January is a slower month for garden chores

– Posted in: Garden chores

January is a slower month for me garden wise as there is usually a foot or more of snow, as there is now. But winter is the best time I have for paperwork/technical/research stuff. I have been dreaming my way through all the new seed & plant catalogs, making wish lists. I also just finished my own catalog which will mail shortly and uploaded it to my website (Paradise Gardens Rare Plant Nursery) –whew! Now I can settle back into the main winter things which mean sowing pans of seeds to stratify in the cold of the greenhouse, or warm-cycle pans to set at house temperature, or cool cycle ones to set on the cold porch—gets a bit crowded. Then there are rosemary cuttings to take, which are hard to do while the plants are flowering so nicely. The grape sage has just finished though so I can take cuttings of it and save the spent flower stems for potpourri.

Now is also the time of fielding phone calls from friends who have found a treasure to share in a catalog–there is a bunch of ladies I know who all help each other find new things to plant and we egg each other on. We also buy packets of seeds for each other’s passions–white flowers for Lynda and Ruby, blue or fragrant for me, red for my Mom. I am also late in sending seeds to some seed exchanges and will do that this afternoon. If we get some glass-bottom boat days this month when it all melts back I will take some hardwood cuttings of some roses to propagate–now I can only see the tops of some of the plants. I always envy Lynda’s early bulbs–and her garden in general of course–I have to protect crocus from hungry voles with wire baskets but even that is temporary until someone figures out how to go over the top.

I love it when garden books say to simply stamp down the snow around the bases of fruit trees & roses to keep mice from gnawing on the trunks. 27″ of snow is hard to stamp down without stamping on something precious. And the snowshoes keep getting tangled in the rose thorns. I use the trusty plastic tree wrappers for both and cut them short to fit the rose trunks if they are at all thin-barked (or if the thorns allow). Some of the fruit trees I have to cage even on top as elk can snap the top right out of a young cherry tree.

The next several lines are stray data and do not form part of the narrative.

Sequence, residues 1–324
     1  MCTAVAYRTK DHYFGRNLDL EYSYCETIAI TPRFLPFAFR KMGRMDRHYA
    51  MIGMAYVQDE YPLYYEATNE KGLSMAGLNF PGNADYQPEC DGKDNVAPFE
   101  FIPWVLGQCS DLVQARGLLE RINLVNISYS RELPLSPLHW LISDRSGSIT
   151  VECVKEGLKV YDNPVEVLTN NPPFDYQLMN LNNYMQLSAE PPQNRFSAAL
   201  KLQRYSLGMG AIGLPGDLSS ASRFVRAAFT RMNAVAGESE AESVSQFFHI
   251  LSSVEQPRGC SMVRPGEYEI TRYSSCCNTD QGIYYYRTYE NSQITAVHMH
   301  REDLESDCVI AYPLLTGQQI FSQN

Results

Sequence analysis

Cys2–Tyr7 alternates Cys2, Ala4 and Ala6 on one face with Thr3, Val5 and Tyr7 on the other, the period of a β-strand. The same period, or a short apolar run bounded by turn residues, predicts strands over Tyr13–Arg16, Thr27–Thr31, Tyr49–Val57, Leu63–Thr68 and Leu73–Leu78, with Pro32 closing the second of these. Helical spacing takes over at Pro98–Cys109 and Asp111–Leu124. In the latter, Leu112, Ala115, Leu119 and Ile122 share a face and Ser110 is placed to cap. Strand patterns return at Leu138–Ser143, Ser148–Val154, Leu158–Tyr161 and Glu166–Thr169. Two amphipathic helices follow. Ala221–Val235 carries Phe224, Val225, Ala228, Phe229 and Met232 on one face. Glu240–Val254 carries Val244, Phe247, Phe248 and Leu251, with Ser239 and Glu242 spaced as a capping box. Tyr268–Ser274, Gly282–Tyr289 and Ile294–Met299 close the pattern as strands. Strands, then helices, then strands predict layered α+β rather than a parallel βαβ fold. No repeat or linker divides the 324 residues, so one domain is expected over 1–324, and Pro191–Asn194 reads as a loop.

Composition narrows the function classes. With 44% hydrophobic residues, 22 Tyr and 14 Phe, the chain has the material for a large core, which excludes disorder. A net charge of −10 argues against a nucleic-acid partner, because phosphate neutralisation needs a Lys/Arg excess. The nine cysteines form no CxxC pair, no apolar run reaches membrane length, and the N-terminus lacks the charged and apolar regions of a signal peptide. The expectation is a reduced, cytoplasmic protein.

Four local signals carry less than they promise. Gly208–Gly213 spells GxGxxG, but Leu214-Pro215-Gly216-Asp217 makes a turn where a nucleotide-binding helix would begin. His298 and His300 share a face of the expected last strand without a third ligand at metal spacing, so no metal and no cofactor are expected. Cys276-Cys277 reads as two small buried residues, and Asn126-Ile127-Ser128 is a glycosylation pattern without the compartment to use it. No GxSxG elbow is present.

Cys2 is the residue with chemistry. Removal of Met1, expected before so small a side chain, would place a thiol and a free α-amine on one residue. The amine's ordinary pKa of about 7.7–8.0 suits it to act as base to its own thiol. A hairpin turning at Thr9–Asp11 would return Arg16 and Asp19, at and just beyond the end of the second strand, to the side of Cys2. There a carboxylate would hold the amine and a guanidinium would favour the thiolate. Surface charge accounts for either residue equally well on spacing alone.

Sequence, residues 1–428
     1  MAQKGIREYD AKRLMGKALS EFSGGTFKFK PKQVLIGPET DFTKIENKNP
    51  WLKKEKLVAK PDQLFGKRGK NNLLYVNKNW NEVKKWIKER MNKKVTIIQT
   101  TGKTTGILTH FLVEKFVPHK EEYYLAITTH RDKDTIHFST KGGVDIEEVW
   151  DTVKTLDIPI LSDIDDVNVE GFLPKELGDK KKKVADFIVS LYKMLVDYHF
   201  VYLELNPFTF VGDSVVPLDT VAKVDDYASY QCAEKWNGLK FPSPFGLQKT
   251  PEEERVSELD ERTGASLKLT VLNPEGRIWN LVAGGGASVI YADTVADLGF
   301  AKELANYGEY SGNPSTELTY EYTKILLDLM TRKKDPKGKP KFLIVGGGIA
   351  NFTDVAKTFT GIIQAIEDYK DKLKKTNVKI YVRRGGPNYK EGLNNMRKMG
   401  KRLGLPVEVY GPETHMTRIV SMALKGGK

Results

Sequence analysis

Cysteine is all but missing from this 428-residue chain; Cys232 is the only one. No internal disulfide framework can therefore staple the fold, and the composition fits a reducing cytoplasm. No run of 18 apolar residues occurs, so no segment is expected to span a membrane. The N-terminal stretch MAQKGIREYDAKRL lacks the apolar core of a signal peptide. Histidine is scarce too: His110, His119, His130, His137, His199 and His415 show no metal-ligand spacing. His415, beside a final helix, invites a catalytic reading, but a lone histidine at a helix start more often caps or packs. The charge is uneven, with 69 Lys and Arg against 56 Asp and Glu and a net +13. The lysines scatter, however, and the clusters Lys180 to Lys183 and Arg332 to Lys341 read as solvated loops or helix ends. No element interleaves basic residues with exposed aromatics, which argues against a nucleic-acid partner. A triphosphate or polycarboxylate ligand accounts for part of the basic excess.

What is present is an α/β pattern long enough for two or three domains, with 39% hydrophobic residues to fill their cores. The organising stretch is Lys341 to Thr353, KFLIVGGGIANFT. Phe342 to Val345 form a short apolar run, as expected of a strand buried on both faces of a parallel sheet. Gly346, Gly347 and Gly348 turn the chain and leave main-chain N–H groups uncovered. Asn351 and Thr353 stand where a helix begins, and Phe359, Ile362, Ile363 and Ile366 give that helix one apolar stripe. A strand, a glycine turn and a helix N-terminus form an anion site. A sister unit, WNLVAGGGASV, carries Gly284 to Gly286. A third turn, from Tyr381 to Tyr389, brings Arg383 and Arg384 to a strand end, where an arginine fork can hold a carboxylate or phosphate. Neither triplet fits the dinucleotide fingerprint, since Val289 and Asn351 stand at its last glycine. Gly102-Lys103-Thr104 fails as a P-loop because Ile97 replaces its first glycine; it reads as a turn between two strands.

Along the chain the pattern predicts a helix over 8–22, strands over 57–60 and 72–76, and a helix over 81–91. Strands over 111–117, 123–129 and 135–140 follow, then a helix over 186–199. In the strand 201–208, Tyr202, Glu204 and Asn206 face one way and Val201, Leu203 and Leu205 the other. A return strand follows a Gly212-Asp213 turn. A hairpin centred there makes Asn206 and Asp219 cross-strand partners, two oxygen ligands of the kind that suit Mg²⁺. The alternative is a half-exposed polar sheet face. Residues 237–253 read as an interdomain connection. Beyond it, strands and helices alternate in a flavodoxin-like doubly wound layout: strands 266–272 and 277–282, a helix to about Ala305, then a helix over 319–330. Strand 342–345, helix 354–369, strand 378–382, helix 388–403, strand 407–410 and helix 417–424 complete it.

Kathy, you asked about the fall crocus I grow. I have several kinds; I started with C. speciosus (which is the earliest of the really hardy ones)–a lovely light blue-violet with bold orange anthers; then got C.s. ‘Cassiope’ which is later & darker blue, and ‘Conqueror’ which is very late here and the darkest colored of the lot. This year I added C. kotschyanus albus because I could tell that the gentians would love their white blooms interspersed with the gentians’ sapphire stars. I have C. sativus, Saffron, which only blooms every few years here (well it often blooms under the snow & I find the tired blooms in the spring)–it is hardy enough in well drained soil but the snow usually outwits it. I get a new color every year and next year I will add hot pepper flakes when I plant them–it keeps the skunks from digging, maybe it will work for the mice.

About the Author

USDA Hardiness Zone: 4b/5aLocation: rural; just south of British Columbia/Idaho borderGeographic type: foot of Black & Clifty Mountains (foothills of Rockies–the Wet Columbia Mountains in BC climate- speak)Soil type:acid sand (glacial lake bed)/coniferous forestExperience level: intermediate/professionalParticular interests: fragrant & edible plants, hardy bulbs, cottage gardening, alpines, peonies, penstemons & other blue flowers, primulas, antique & species roses & iris; nocturnal flowers Also: owner of Paradise Gardens Rare Plant Nursery

Now, the digging and dividing of perennials, the general autumn cleanup and the planting of spring bulbs are all an act of faith. One carries on before the altar of delayed gratification, until the ground freezes and you can’t do any more other than refill the bird feeder and gaze through the window, waiting for the snow. . . . Meanwhile, it helps to think of yourself as a pear tree or a tulip. You will blossom spectacularly in the spring, but only after the required period of chilling.

~Adrian Higgins in The Washington Post, November 6, 2013

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